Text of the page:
GDP Numbers Came in Hot; Homebuilders Fall 30 Percent

What does this mean for the greater economy?

The U.S. Department of Commerce reported gross domestic product surged to 3.5 percent – well above most median economic estimates. Does this mark an era of increased economic prosperity and will GDP continue to increase? Meanwhile, housing stocks have tanked to the tune of 30 percent? So, what does this mean for the greater economy?


On the surface, the numbers look great, but it is important to look behind the headline number to see the true drivers of the GDP increase.

  1. GOVERNMENT SPENDING: One of the explanations for the growth is government spending at both the state- and local-level. As the economy has improved, more money has flown into state coffers. According to the Census Bureau: “ The increase in real GDP in the third quarter reflected positive contributions from state and local government spending along with federal government spending,”
  2. DECREASE IN SAVINGS: Consumers are also spending more thanks to a decrease in savings. Real wages have not increased substantially, so the only way for people to spend more is to save less or borrower more. The recent GDP report highlights “personal saving was $999.6 billion in the third quarter, compared with $1,054.3 billion in the second quarter. The personal saving rate – personal saving as a percentage of disposable personal income – was 6.4 percent in the third quarter, compared with 6.8 percent in the second quarter.”
    Note: This is down from 7.2 percent in Q1 2018. To drive the recent spending growth, consumers are saving less, and therefore have less of a cushion for future needs.
  3. INCREASE IN DEBT: Consumers are also spending more by increasing the amount of debt they carry. The Federal Reserve’s latest Quarterly Report on Household Debt and Credit reveals total household debt reached a new peak in the first quarter of 2018, rising $63 billion to reach $13.21 trillion. Balances climbed 0.6 percent on mortgages, 0.7 percent on auto loans and 2.1 percent on student loans this past quarter. Unfortunately, a debt-fueled spending binge can’t last forever – at some point the consumer will have to pay up.

None of these three drives are sustainable for ongoing GDP growth. They are merely a byproduct of the expansion the economy is currently experiencing. Business spending, innovation and efficiency, as well as long-term real wage growth are the only factors that can maintain the economic expansion. Furthermore, the great GDP numbers are concealing other long-term metrics that are painting a radically different picture of the economy.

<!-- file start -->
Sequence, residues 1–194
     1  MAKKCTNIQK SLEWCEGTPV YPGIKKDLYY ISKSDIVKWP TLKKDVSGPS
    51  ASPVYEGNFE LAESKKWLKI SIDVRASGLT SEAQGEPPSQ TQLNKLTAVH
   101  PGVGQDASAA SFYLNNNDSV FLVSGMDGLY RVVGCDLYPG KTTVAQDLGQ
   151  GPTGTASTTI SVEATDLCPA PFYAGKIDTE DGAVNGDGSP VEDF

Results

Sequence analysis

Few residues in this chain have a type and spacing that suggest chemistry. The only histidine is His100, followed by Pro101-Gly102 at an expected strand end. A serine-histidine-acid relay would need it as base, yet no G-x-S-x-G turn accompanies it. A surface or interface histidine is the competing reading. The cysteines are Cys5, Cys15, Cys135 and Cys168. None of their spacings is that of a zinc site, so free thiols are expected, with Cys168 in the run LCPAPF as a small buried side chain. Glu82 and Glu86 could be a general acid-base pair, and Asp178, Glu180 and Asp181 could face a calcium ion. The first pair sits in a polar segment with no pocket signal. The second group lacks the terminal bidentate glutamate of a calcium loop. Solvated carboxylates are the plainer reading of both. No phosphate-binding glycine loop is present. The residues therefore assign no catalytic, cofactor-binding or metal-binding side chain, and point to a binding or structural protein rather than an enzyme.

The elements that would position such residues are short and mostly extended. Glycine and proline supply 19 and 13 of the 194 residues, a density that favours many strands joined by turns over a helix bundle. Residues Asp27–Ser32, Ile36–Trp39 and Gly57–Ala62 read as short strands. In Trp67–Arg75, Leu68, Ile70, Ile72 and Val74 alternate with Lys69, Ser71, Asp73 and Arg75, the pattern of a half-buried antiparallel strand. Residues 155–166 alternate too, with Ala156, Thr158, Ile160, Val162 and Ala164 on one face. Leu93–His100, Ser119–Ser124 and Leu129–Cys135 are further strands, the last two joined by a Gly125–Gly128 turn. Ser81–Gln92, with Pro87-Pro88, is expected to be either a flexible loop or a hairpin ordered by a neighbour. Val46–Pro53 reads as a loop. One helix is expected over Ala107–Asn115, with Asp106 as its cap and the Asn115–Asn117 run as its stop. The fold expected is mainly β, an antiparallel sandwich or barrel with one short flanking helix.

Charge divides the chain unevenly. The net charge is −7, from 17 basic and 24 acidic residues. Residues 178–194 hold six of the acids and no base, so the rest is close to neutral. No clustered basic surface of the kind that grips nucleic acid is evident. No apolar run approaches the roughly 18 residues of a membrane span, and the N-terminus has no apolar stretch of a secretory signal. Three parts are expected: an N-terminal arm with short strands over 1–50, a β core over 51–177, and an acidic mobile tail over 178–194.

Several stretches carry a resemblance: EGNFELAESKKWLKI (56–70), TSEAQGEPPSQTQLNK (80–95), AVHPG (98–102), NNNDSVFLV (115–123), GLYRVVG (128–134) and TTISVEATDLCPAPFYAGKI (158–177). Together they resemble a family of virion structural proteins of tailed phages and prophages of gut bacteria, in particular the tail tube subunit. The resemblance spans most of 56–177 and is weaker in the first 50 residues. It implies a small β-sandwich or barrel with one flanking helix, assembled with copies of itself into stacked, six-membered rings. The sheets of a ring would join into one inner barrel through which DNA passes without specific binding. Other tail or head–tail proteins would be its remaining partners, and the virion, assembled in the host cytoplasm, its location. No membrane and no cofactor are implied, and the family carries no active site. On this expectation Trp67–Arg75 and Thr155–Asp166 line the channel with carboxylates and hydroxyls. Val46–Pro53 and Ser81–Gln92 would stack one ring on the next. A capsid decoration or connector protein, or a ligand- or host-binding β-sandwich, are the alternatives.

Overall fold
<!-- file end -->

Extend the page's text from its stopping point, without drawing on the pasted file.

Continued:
… Everything looks great, but the details are unsettling when looking at wage growth and inflation.


According to the GDP report: Excluding food and energy, gross domestic purchase prices increased 1.7 percent after growing by 2.5 percent in the second quarter. Inflation is barely moving and not coming to a roar as predicted.


Real disposable personal income increased 2.5 percent in the third quarter, the same increase as in the second. Between wages and inflation, the net change is a 0.8 percent increase in real wages (2.5 percent to 1.7 percent). Real wages is the net consumers have after factoring for inflation – essentially the net gain in purchasing power. This meager increase in real wages is not enough to sustainably drive an economic expansion.


As GDP numbers continue to grow, the S&P homebuilders index has fallen 30 percent. Why has it fallen so far as GDP continues to boom? With the economy plugging along, one would expect consumer  to increase long-term purchases.

Without meaningful real wage growth consumers are unable or unwilling to make larger purchases. In many markets, this is now reflected in greatly reduced sales.  For example, in Denver, sales above $500,000 have fallen 44 percent, when comparing September 2017 to September 2018. Real wages are not growing fast enough to compensate for the rise in property values.

Rates have risen substantially crimping buyer power.  The10-year treasury rates have soared substantially and driven up 30-year mortgages above 5 percent from a low of around 3 percent. Without wage growth, consumers can’t absorb such a large increase and therefore have refrained or delayed buying properties, which is felt through homebuilder stocks.

Looking at GDP and the market are two very different ways of examining the economy. Q3 GDP is driven by non-sustainable items including government spending along with increased debt/decreased consumer savings. Over time, consumers and government entities cannot sustain deficit-spending to drive growth. As the saying goes, “You’ll have to pay the piper," and the piper will need to be paid sooner rather than later. When that happens, the economy will shudder, and GDP will reflect the shift.

Real estate undoubtedly will be impacted as prices/volumes adjust to the changes in demand as the piper comes calling.

Categories: Economy/Politics, Tech